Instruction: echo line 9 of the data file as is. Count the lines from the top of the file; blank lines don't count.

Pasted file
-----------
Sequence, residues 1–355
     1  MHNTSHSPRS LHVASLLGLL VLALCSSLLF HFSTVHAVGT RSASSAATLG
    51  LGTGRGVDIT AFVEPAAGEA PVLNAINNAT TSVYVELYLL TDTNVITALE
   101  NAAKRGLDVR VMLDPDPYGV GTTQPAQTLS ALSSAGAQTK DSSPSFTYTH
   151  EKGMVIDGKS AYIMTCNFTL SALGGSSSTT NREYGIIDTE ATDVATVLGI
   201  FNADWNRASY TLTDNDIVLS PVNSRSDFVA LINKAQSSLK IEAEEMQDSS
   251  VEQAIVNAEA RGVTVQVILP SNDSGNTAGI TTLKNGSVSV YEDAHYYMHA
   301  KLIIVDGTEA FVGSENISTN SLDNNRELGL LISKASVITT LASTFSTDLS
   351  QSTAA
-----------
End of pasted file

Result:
   351  QSTAA